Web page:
11. New diagnostic antigens for early trichinellosis: the excretory-secretory antigens of Trichinella spiralis intestinal infective larvae.

    PubMed

    Sun, Ge Ge; Liu, Ruo Dan; Wang, Zhong Quan; Jiang, Peng; Wang, Li; Liu, Xiao Lin; Liu, Chun Yin; Zhang, Xi; Cui, Jing

    2015-12-01

    The excretory-secretory (ES) antigens from Trichinella spiralis muscle larvae (ML) are the most commonly used diagnostic antigens for trichinellosis, but anti-Trichinella IgG antibodies cannot be detected until 2-3 weeks after infection; there is an obvious window period between Trichinella infection and antibody positivity. Intestinal infective larvae (IIL) are the first invasive stage during Trichinella infection, and their ES antigens are firstly exposed to the immune system and might be the early diagnostic markers of trichinellosis. The aim of this study was to evaluate the early diagnostic values of IIL ES antigens for trichinellosis. The IIL were collected from intestines of infected mice at 6 h postinfection (hpi), and IIL ES antigens were prepared by incubation for 18 h. Anti-Trichinella IgG antibodies in mice infected with 100 ML were detectable by ELISA with IIL ES antigens as soon as 10 days postinfection (dpi), but ELISA with ML ES antigens did not permit detection of infected mice before 12 dpi. When the sera of patients with trichinellosis at 19 dpi were assayed, the sensitivity (100 %) of ELISA with IIL ES antigens was evidently higher than 75 % of ELISA with ML ES antigens (P < 0.05) The specificity (96.86 %) of ELISA with IIL ES antigens was also higher than 89.31 % of ELISA with ML ES antigens (P < 0.05). The IIL ES antigens provided a new source of diagnostic antigens and could be considered as a potential early diagnostic antigen for trichinellosis. PMID:26342828

  12. Species-specific antibody responses to the recombinant 53-kilodalton excretory and secretory proteins in mice infected with Trichinella spp.

    PubMed

    Nagano, Isao; Wu, Zhiliang; Takahashi, Yuzo

    2008-03-01

    The 53-kDa proteins in larval excretory and secretory (E-S) products were expressed from five Trichinella species (T. spiralis, T. britovi, T. nativa, T. pseudospiralis, and T. papuae), using the Escherichia coli expression system, and the antibody responses to the 53-kDa recombinant proteins in mice infected with Trichinella spp. were analyzed by Western blotting. The 53-kDa protein is conserved among the five Trichinella species, with >60% similarity in amino acid sequences. The 53-kDa recombinant proteins of T. spiralis and T. pseudospiralis reacted to sera from mice infected with T. spiralis and T. pseudospiralis at 8 days postinfection (p.i.), respectively. An antibody against the 53-kDa recombinant protein of T. spiralis recognized the 53-kDa protein in the crude extracts from adult worms and 30-day p.i. muscle larvae and E-S products from muscle larvae of T. spiralis but did not recognize any proteins from T. pseudospiralis. The sera from the mice infected with T. spiralis strongly reacted with the 53-kDa recombinant protein of T. spiralis but did not react with the 53-kDa recombinant proteins of T. britovi, T. nativa, T. pseudospiralis, and T. papuae. Similarly, the sera from mice infected with T. britovi, T. nativa, T. pseudospiralis, or T. papuae strongly reacted with the 53-kDa recombinant proteins of T. britovi, T. nativa, T. pseudospiralis, or T. papuae, respectively. These results showed that the 53-kDa recombinant proteins provide early and species-specific antibody responses in mice infected with Trichinella spp. PMID:18184826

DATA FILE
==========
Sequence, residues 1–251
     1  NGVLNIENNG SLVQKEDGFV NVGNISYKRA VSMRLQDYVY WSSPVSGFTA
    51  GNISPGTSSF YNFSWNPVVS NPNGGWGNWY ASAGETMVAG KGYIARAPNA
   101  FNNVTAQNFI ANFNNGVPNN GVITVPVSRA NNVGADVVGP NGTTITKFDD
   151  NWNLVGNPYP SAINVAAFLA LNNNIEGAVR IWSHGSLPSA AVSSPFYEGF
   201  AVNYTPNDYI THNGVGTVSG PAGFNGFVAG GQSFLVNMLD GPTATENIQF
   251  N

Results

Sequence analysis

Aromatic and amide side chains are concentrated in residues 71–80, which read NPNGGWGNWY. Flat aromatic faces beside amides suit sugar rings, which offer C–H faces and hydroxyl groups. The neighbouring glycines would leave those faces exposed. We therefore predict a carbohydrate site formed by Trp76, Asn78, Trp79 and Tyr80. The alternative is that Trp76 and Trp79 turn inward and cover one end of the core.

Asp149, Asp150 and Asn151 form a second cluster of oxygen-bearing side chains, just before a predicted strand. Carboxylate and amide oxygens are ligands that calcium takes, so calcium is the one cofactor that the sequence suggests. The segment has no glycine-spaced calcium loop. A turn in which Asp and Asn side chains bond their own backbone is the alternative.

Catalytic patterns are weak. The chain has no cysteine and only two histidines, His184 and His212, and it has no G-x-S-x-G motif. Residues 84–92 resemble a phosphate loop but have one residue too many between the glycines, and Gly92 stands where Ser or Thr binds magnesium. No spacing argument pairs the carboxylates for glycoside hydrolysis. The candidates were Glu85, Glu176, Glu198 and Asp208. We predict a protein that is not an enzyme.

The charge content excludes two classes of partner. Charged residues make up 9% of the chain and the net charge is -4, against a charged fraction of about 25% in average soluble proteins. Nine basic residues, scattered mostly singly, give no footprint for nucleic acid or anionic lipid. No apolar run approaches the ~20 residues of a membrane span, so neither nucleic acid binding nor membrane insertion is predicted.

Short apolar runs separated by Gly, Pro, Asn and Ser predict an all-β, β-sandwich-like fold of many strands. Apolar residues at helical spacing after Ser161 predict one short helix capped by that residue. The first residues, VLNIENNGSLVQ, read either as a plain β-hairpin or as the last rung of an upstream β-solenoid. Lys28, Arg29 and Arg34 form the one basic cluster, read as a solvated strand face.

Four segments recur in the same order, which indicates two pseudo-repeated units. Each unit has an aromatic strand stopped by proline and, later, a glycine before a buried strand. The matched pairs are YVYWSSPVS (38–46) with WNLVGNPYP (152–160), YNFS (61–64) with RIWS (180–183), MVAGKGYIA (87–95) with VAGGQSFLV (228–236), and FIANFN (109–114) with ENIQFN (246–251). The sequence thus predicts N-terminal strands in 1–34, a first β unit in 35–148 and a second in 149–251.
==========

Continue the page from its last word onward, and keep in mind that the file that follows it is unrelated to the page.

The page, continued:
13. Proteomic Analysis of the Excretory-Secretory Products from Larval Stages of Ascaris suum Reveals High Abundance of Glycosyl Hydrolases

    PubMed Central

    Wang, Tao; Van Steendam, Katleen; Dhaenens, Maarten; Vlaminck, Johnny; Deforce, Dieter; Jex, Aaron R.; Gasser, Robin B.; Geldhof, Peter

    2013-01-01

    Background Ascaris lumbricoides and Ascaris suum are socioeconomically important and widespread parasites of humans and pigs, respectively. The excretory-secretory (ES) molecules produced and presented at the parasite-host interface during the different phases of tissue invasion and migration are likely to play critical roles in the induction and development of protective immune and other host responses. Methodology/Principal Findings The aim of this study was to identify the ES proteins of the different larval stages (L3-egg, L3-lung and L4) by LC-MS/MS. In total, 106 different proteins were identified, 20 in L3-egg, 45 in L3-lung stage and 58 in L4. Although most of the proteins identified were stage-specific, 15 were identified in the ES products of at least two stages. Two proteins, i.e. a 14-3-3-like protein and a serpin-like protein, were present in the ES products from the three different larval stages investigated. Interestingly, a comparison of ES products from L4 with those of L3-egg and L3-lung showed an abundance of metabolic enzymes, particularly glycosyl hydrolases. Further study indicated that most of these glycolytic enzymes were transcriptionally upregulated from L4 onwards, with a peak in the adult stage, particularly in intestinal tissue. This was also confirmed by enzymatic assays, showing the highest glycosidase activity in protein extracts from adult worms gut. Conclusions/Significance The present proteomic analysis provides important information on the host-parasite interaction and the biology of the migratory stages of A. suum. In particular, the high transcriptional upregulation of glycosyl hydrolases from the L4 stage onwards reveals that the degradation of complex carbohydrates forms an essential part of the energy metabolism of this parasite once it establishes in the small intestine. PMID:24098821